Williams v. Pliler, et al

Filing 157

ORDER signed by Judge Kimberly J. Mueller on 2/11/2015 DENYING 129 Petitioner's Motion for Release and GRANTS 134 Respondent's Cross-Motion to deny petitioner's motion. (Donati, J)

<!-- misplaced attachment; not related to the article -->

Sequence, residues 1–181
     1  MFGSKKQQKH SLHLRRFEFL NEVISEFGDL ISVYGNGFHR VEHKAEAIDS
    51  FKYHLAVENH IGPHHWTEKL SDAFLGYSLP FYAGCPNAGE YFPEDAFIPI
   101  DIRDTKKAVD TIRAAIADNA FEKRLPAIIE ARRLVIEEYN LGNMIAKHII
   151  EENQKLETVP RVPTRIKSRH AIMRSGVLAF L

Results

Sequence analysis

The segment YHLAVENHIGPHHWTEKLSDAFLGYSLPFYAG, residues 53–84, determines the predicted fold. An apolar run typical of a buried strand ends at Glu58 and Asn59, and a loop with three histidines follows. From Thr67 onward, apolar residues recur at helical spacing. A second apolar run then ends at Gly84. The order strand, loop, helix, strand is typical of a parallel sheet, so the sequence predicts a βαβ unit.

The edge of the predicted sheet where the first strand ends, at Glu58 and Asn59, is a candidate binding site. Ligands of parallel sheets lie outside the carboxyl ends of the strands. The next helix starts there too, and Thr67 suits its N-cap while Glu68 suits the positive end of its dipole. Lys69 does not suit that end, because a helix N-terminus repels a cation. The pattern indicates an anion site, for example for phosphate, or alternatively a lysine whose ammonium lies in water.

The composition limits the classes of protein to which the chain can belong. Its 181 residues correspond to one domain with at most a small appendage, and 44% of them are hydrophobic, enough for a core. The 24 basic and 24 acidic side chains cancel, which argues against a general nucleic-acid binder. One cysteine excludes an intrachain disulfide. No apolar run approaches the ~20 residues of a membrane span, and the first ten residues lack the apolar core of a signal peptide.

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1 2 3 4 5 6 7 8 UNITED STATES DISTRICT COURT 9 EASTERN DISTRICT OF CALIFORNIA 10 11 RICHARD ALEX WILLIAMS, 12 Petitioner, 13 14 No. 2:03-cv-0721-KJM-AC v. ORDER CHERYL PLILER, Warden, 15 Respondent. 16 On June 26, 2014, the previously assigned district judge granted petitioner’s 17 18 application for a writ of habeas corpus. (ECF No. 114.) The motions currently pending before 19 the court are petitioner’s motion for release (ECF No. 129) and respondent’s cross-motion to deny 20 petitioner’s release while respondent pursues an appeal (ECF No. 134). Respondent requests that 21 the court deny petitioner’s motion, arguing petitioner is “a serious flight risk and a danger to the 22 community . . . .” (Id. at 2.) Alternatively, respondent asks the court to set “bail at $1,000,000 as 23 a condition of [petitioner’s] release.” (Id.) The court held a hearing on the matter on October 10, 24 2014, at which Victor S. Haltom appeared for petitioner and Carlos Martinez appeared for 25 respondent. As explained below, the court DENIES petitioner’s motion. 26 I. 27 28 BACKGROUND In 1998, petitioner Richard Alex Williams was convicted in California state court of one count of murder, in violation of California Penal Code section 187(a), with the special 1 1 circumstance that the murder was committed “by means of discharging a firearm from a motor 2 vehicle, intentionally at another person outside the vehicle with the intent to inflict death,” id. 3 § 190.2(a)(21); and two counts of attempted murder, in violation of Penal Code sections 664 and 4 187(a). (ECF No. 105 at 1.) He received a sentence of life imprisonment without the possibility 5 of parole for the murder conviction and an aggregate determinate term of ten years and eight 6 months for the attempted murder charges. (Id.) 7 Petitioner first filed a petition for writ of habeas corpus in 2003 (ECF No. 1), 8 arguing, inter alia, that the state trial prosecutor exercised a peremptory challenge to exclude an 9 African-American prospective juror based on her race in violation of the Equal Protection Clause 10 of the Fourteenth Amendment (see generally ECF No. 63). The court denied petitioner’s first 11 application in 2008. (See ECF No. 40.) Petitioner appealed that order (ECF No. 42), and in 12 2011, the Ninth Circuit reversed the district court’s denial of the petition, concluding that the 13 district court had erred in two ways. (ECF No. 50 at 1–2.) First, the Ninth Circuit held that the 14 district court had erred in according deference to the trial court’s credibility determination 15 because the state trial court never reached the step-three inquiry under Batson v. Kentucky, 16 476 U.S. 79 (1986). (ECF No. 50 at 3.) Second, it was error to conduct a limited comparative 17 juror analysis by comparing the stricken juror to one other stricken juror, as opposed to the 18 empaneled jurors. (Id.) The Ninth Circuit ordered as follows: 19 On remand, the district court should conduct a full step-three inquiry that includes a proper comparative juror analysis. In conducting that comparative juror analysis, the district court should consider all of the juror questionnaires from Williams’s trial. Those juror questionnaires were properly presented to the state courts, but were not presented to the district court. 20 21 22 23 24 (Id. at 4.) Subsequently, the previously assigned magistrate judge ordered petitioner to file 25 an amended petition (ECF No. 61 at 1), which petitioner did (ECF No. 63). In 2012, the same 26 magistrate judge recommended that petitioner’s amended petition for a writ of habeas corpus be 27 granted. (ECF No. 73 at 32.) Thereafter, in objecting to the recommendation, respondent moved 28 for an evidentiary hearing to examine the demeanor and credibility of Robert Gold, the district 2 1 attorney who tried petitioner’s case and who allegedly exercised his peremptory strikes in 2 violation of the Constitution. (ECF No. 78 at 4.) The magistrate judge granted the request and 3 presided over an evidentiary hearing on February 14, 2013. (ECF No. 101.) Subsequently, yet 4 another newly assigned magistrate judge vacated the original findings and recommendations and 5 filed new ones (ECF No. 105), which the previously assigned district judge adopted in full (ECF 6 No. 114). Hence, petitioner’s amended application for a writ of habeas corpus was granted on 7 June 27, 2014 (id.), and judgment was entered on the same day (ECF No. 115). On July 21, 8 2014, respondent filed a notice of appeal (ECF No. 117) and a motion to stay pending appeal 9 (ECF No. 116). The court granted the motion to stay, staying retrial of petitioner during the 10 pendency of respondent’s appeal. (ECF No. 132 at 5.) As to petitioner’s release, however, the 11 court referred the case “to the Probation Office for a report and recommendation on whether 12 petitioner is an appropriate candidate for supervised release pending appeal . . . .” (ECF No. 135.) 13 The Probation Office provided a report on October 8, 2014. At hearing on the instant motions, 14 petitioner objected to certain factual findings in the report. This court directed petitioner to file 15 his objections with the Probation Office and directed the Probation Office to respond to those 16 objections. The court has now received the Probation Office’s final report and response to 17 petitioner’s objections. 18 The Probation Office report confirms its initial recommendation that petitioner 19 remain in custody. (Prob. Rep. at 9.) Specifically, while the report finds petitioner’s flight risk to 20 be low to moderate, it recommends denying release because of a motive to flee, as petitioner is 21 still facing a possible life imprisonment following retrial or reversal on appeal, and because 22 petitioner will be a danger to the community, as he has a history of violence and substance abuse. 23 (Id.) 24 II. 25 LEGAL STANDARD A district court retains jurisdiction to issue orders concerning the custody or 26 enlargement of a habeas petitioner even after an appeal of the grant or denial of habeas relief has 27 been processed. Stein v. Wood, 127 F.3d 1187, 1190 (9th Cir. 1997). 28 ///// 3 1 There is a presumption of release where a prisoner has been granted habeas relief. 2 See Hilton v. Braunskill, 481 U.S. 770, 774 (1987); Fed. R. App. P. 23(c). This presumption, 3 however, “may be overcome if the traditional stay factors tip the balance against it.” Hilton, 4 481 U.S. at 777. These factors are: (1) whether the stay applicant has made a strong showing of 5 likelihood of success on the merits, which, here, means it is reasonably likely that the Ninth 6 Circuit will conclude the district court’s decision was erroneous; (2) whether the applicant will be 7 irreparably injured without a stay; (3) whether the issuance of the stay will substantially injure the 8 other parties interested in the proceedings; and (4) where the public interest lies. Id. at 776. “The 9 most important factor is the first, that is, whether the state has made a strong showing of likely 10 success on the merits of its appeal of the district court’s decision.” Haggard v. Curry, 631 F.3d 11 931, 935 (9th Cir. 2010). The stay factors, however, contemplate individualized judgments in 12 each case and “the formula cannot be reduced to a set of rigid rules.” Hilton, 481 U.S. at 777. 13 The Supreme Court has observed that how the factors play out “may depend to a 14 large extent upon determination of the State’s prospects of success in its appeal.” Hilton, 15 481 U.S. at 778. For example, “[w]here the State establishes that it has a strong likelihood of 16 success on appeal, or where, failing that, it can nonetheless demonstrate a substantial case on the 17 merits, continued custody is permissible if the second and fourth factors in the traditional stay 18 analysis militate against release.” Id. On the other hand, as a general matter, “[w]here the State’s 19 showing on the merits falls below this level, the preference for release should control.” Id. 20 At the same time, the Supreme Court in Hilton further observed that in 21 determining whether to release a successful habeas petitioner from custody, a court can also take 22 into account (a) petitioner’s possibility of flight; (b) the potential danger to the public; and (c) the 23 state’s interest in continuing custody and rehabilitation.1 Id. “[A] district court has broad 24 discretion in conditioning a judgment granting habeas relief, including whether or not to release a 25 prisoner pending appeal.” Stein, 127 F.3d at 1190. 26 27 28 1 “Although the Hilton Court does not specify, it appears that danger to the public, risk of flight, and the state’s interest in continuing custody and rehabilitation are appropriately considered as part of the second and fourth equitable factors.” Franklin v. Duncan, 891 F. Supp. 516, 519 (N.D. Cal. 1995). 4 1 2 III. ANALYSIS A. Likelihood of Success In its motion to stay,2 previously granted, respondent made two main arguments. 3 4 (ECF No. 116 at 1–2.) First, respondent contends it is likely to succeed on its argument before 5 the Ninth Circuit that the district court had erred in not applying the deferential standard of 6 review under the Antiterrorism and Effective Death Penalty Act (AEDPA), 28 U.S.C. § 2254(d). 7 (Id. at 7–10.) Second, in the alternative, assuming AEDPA does not apply, respondent contended 8 it made out a substantial case it was likely to succeed on the underlying merits of the Batson 9 issue. (Id. at 10–52.) 10 As to respondent’s first argument, petitioner countered it was implausible the 11 Ninth Circuit would apply AEDPA. (ECF No. 123 at 28–29.) As to respondent’s second 12 argument, petitioner countered respondent did not demonstrate a fair prospect of likelihood of 13 success on the merits. (Id. at 29–32.) 14 In adopting the magistrate judge’s findings and recommendations on the merits of 15 the petition, the court rejected respondent’s argument that the AEDPA deferential standard of 16 review should apply in this case. (ECF No. 114 at 2–4.) The court rejected the argument for two 17 reasons: 18 First, . . . [a]cceptance of respondent’s argument would run contrary to the spirit of the Ninth Circuit’s decision in this case. Moreover, the finding required at step three of Batson is whether the peremptory strike at issue was motivated in substantial part by race. The state Court of Appeal did not resolve this question. 19 20 21 (Id. at 4 n.3.) 22 In addition, the court in its order granting the stay found respondent did not 23 establish a strong likelihood of success on its second argument. Specifically, the court found that 24 respondent has not made a strong showing that she is likely to succeed on the merits of her legal argument that petitioner’s Batson claim should be governed by the deferential standard of review under [AEDPA], rather than the de novo review required by the United States Court of Appeals for the Ninth Circuit and applied by 25 26 27 28 2 The court references respondent’s motion to stay because respondent did not separately address the likelihood of success factor in its motion to deny release. 5 1 2 this court. The factual questions on appeal are vigorously contested by the parties, and this court cannot find that respondent has made a “strong showing” that she is likely to prevail on the merits of her factual arguments on appeal. 3 4 (ECF No. 132 at 3.) 5 The court finds respondent’s AEDPA argument unavailing under the law of the 6 case doctrine, whereby “a court is generally precluded from reconsidering an issue previously 7 decided by the same court, or a higher court in the identical case.” Ingle v. Circuit City, 408 F.3d 8 592, 594 (9th Cir. 2005) (internal quotation marks omitted). The purpose of the doctrine is “to 9 maintain consistency and avoid reconsideration of matters once decided during the course of a 10 single continuing lawsuit.” Id. (internal quotation marks omitted). A district court’s decision to 11 apply the doctrine is reviewed for an abuse of discretion. Id. “A district court abuses its 12 discretion in applying the law of the case doctrine only if (1) the first decision was clearly 13 erroneous; (2) an intervening change in the law occurred; (3) the evidence on remand was 14 substantially different; (4) other changed circumstances exist; or (5) a manifest injustice would 15 otherwise result.” Id. 16 Here, the Ninth Circuit held that AEDPA deference did not apply “because the 17 state trial court applied the wrong legal standard in determining whether [petitioner] made out a 18 prima facie violation at Batson step one.” (ECF No. 52 at 2.) Respondent has not shown that 19 decision was clearly erroneous, the law or the record has changed, other circumstances have 20 changed, or a manifest injustice would otherwise result. Id. at 594. Respondent is unlikely to 21 succeed on its argument before the Ninth Circuit that the district court erred in not applying the 22 AEDPA deferential standard of review. 23 As to respondent’s second argument, that it “has at the very least presented a 24 substantial case on the merits warranting a stay” (ECF No. 116 at 13), the court finds it 25 unpersuasive as well. The court granted habeas relief on the basis of discriminatory use of 26 peremptory strikes. (ECF No. 105.) The magistrate judge’s thorough analysis, supported by the 27 factual record and the applicable law, demonstrated “petitioner [had] carried his burden of 28 proving . . . the prosecutor was motivated in substantial part by race.” (Id. at 42.) The court 6 1 adopted the magistrate judge’s findings in full. (ECF No. 114.) The court cannot say respondent 2 has presented a substantial case on the merits. 3 Because respondent has shown neither a strong showing that it is likely to succeed 4 on its appeal nor a substantial case on the merits of its appeal, this factor weighs in favor of 5 release. 6 B. 7 Irreparable Injury In analyzing the irreparable injury element, courts consider “the [s]tate’s interest in 8 continuing custody and rehabilitation pending a final determination of the case on appeal . . . .” 9 Hilton, 481 U.S. at 777. A state’s interest “will be strongest where the remaining portion of the 10 sentence to be served is long, and weakest where there is little of the sentence remaining to be 11 served.” Id. 12 Here, petitioner was sentenced to life with no possibility of parole for murder. 13 (ECF No. 105 at 1.) Petitioner has served eighteen years of imprisonment, but at thirty-six is still 14 relatively young. (ECF No. 132 at 4.) This factor weighs in favor of staying petitioner’s release 15 because “the remaining portion of the sentence to be served is long. . . .” Hilton, 481 U.S. at 777; 16 Franklin, 891 F. Supp. at 521 (“Where . . . [the] petitioner has a life sentence and the remaining 17 portion of the sentence to be served is long, this factor weighs against release.”). In addition, it is 18 undisputed that under California law, petitioner would be presumptively ineligible for bail. 19 (Super. Ct. of Cal., Cnty. of Sacramento, Felony & Misdemeanor Bail Schedules at 6; ECF No. 20 134 at 6–8.) 21 The state’s interest is attenuated because of the court’s conclusion that the 22 prosecutor exercised his peremptory strikes in violation of the Constitution and because the state 23 has made neither a strong showing of likelihood of success nor a substantial case on the merits of 24 the appeal. See Hilton, 481 U.S. at 778; see also Douglas v. Singh, No. C-11-5370, 2013 WL 25 2645175, at *5 (N.D. Cal. June 12, 2013). 26 On balance, however, this factor weighs against release. 27 ///// 28 ///// 7 1 C. 2 3 4 The Interests of Other Parties As to other parties’ interests, the record does not reflect that release will substantially injure any other party interested in the proceeding. See Haggard, 631 F.3d at 939. D. 5 Public Interest As noted, the Hilton Court teaches that flight risk and danger to the community are 6 relevant factors for a district court to consider in analyzing the public interest factor. See 481 7 U.S. at 777. 8 Respondent claims petitioner poses a flight risk. (ECF No. 116 at 50–51.) Yet, 9 the probation report states petitioner “presents as a low-moderate risk of non-appearance” and 10 that petitioner “has a tremendous amount of familial support and a release plan in place that has 11 been verified . . . .” (Prob. Rep. at 9.) While pointing to murder and attempted murder as serious 12 charges, which by their nature may give petitioner a strong motive to flee, respondent has not 13 presented evidence showing petitioner poses a particularized flight risk. See Franklin, 891 F. 14 Supp. at 521. For example, respondent provides no evidence that petitioner has access to 15 significant financial or travel resources. Rather, petitioner’s financial resources appear modest. 16 See Walker v. Martel, No. 94-1997, 2011 WL 2837406, at *3 (N.D. Cal. July 13, 2011) 17 (“Respondent has made no particularized showing that petitioner poses a flight risk.”); Cowans v. 18 Marshall, No. 05-6276, 2009 WL 4929406, at *5 (C.D. Cal. Dec. 10, 2009) (finding respondent 19 provides no evidence that the petitioner “with strong family ties and viable parole plans, is a 20 significant flight risk if released without supervision pending [r]espondent’s appeal to the Ninth 21 Circuit”). 22 Respondent also claims petitioner poses a danger to the community. (ECF No. 34 23 at 6–8.) In that regard, the evidence before the court is mixed. The conviction offenses occurred 24 eighteen years ago when petitioner was only eighteen. (Prob. Rep. at 1.) Prior to those offenses, 25 petitioner had no “adult arrests or convictions.” (Id. at 3.) No evidence was presented at trial 26 indicating petitioner was a member of a gang, which is consistent with petitioner’s statements and 27 “is supported by state prison records . . . [indicating] ‘No documentation of affiliation with a 28 STG’ (Security Threat Group).” (Id.) In addition, the Probation Report notes petitioner’s mental 8 1 health is sound. (Id. at 6.) Petitioner’s “thinking has changed since his arrest”; he is now “‘into 2 tutoring others, coaching others, helping others along the way,’” and petitioner “has grown 3 through education.” (Id. at 7.) Both petitioner’s mother and the mother of petitioner’s son 4 confirm petitioner’s “‘large network of support’” and that petitioner “is a much different person 5 than he was [eighteen] years ago.” (Id. at 8.) 6 On the other hand, there is evidence that petitioner poses a threat to the 7 community. Although there is no documented evidence of gang membership, “he does have a 8 history of criminal associations . . . and continued violence and behavioral issues while in prison.” 9 (Id. at 9.) In 1993, petitioner was arrested for burglary at the age of fifteen, but the matter was 10 dismissed at intake. (Id. at 2–3.) In 1994, petitioner was arrested for attempted burglary and 11 trespassing. (Id. at 3.) When petitioner did not appear for that matter, he was arrested and two 12 other charges were added, possession of a controlled substance, 0.3 grams of cocaine base, and 13 providing false information to a peace officer. (Id.) Except for the drug possession charge, the 14 remaining charges were dismissed, and petitioner was placed on informal probation. (Id.) In 15 1996, petitioner was again arrested for providing false identification to a peace officer; that matter 16 was dismissed as well. (Id.) 17 Moreover, while in custody, petitioner has had “some disciplinary problems.” 18 (Resp. to Objections at 3.) Specifically, in 2006, prison administration found petitioner guilty of 19 spitting on a correctional officer; the Imperial County District Attorney’s Office declined to 20 prosecute the matter. (Id.) In 2008, petitioner was found guilty of participating in a prison riot; 21 the Sacramento County District Attorney’s Office declined to prosecute the matter. (Id.) In 22 2010, petitioner was found guilty of battery on another inmate. (Id.) Finally, in 2011, petitioner 23 was found guilty of possessing individually packaged marijuana with the intent to distribute. The 24 matter was referred to the Sacramento County District Attorney’s Office who declined 25 prosecution . . . . Petitioner appealed the matter which was partially granted, and he was found 26 guilty of a ‘lesser Division B offense’ and sanctioned accordingly.”3 (Id.) While “[t]here have 27 28 3 In 2011, petitioner was found guilty of possession of a controlled substance with intent to distribute, a Division “A-2” offense. (ECF No. 134-4 at 22.) While the record is unclear to 9 1 been no documented disciplinary issues since 2011” (id.), the relative recency of petitioner’s last 2 two disciplinary issues give the court pause. 3 The Probation Report, in utilizing a pretrial risk assessment tool, calculates a 4 10 percent chance petitioner may commit a new offense if released. On balance, petitioner poses 5 some risk of danger to the public. (See Prob. Rep. at 8.) 6 While the court has carefully considered whether conditions can mitigate danger, 7 and weighed the offer of the mother of petitioner’s child to provide “a safe and healthy 8 environment” for petitioner in Sacramento (id. at 8), this offer would locate petitioner in the 9 Strawberry Manor area in Sacramento, where his former friends and codefendants may remain. 10 (Id. at 9.) Although petitioner’s mother has offered her home in Los Angeles, where petitioner’s 11 son also resides, the court is not prepared to approve petitioner’s residency in another district at 12 some distance from the court where he is likely to be retried if the state does not prevail on 13 appeal. (Id. at 7–9.) 14 IV. 15 CONCLUSION For the foregoing reasons, because petitioner is not an appropriate candidate for 16 supervised release, the court DENIES petitioner’s motion for release and GRANTS respondent’s 17 cross-motion to deny petitioner’s motion for release. 18 IT IS SO ORDERED. 19 DATED: February 11, 2015. 20 21 UNITED STATES DISTRICT JUDGE 22 23 24 25 26 27 28 what Division “B” offense the charge was downgraded after petitioner’s appeal, the most related Division “B” offense is the “[u]nauthorized possession of any controlled substance . . . including marijuana . . . .” Cal. Code Regs. tit. 15, § 3323(d)(7). 10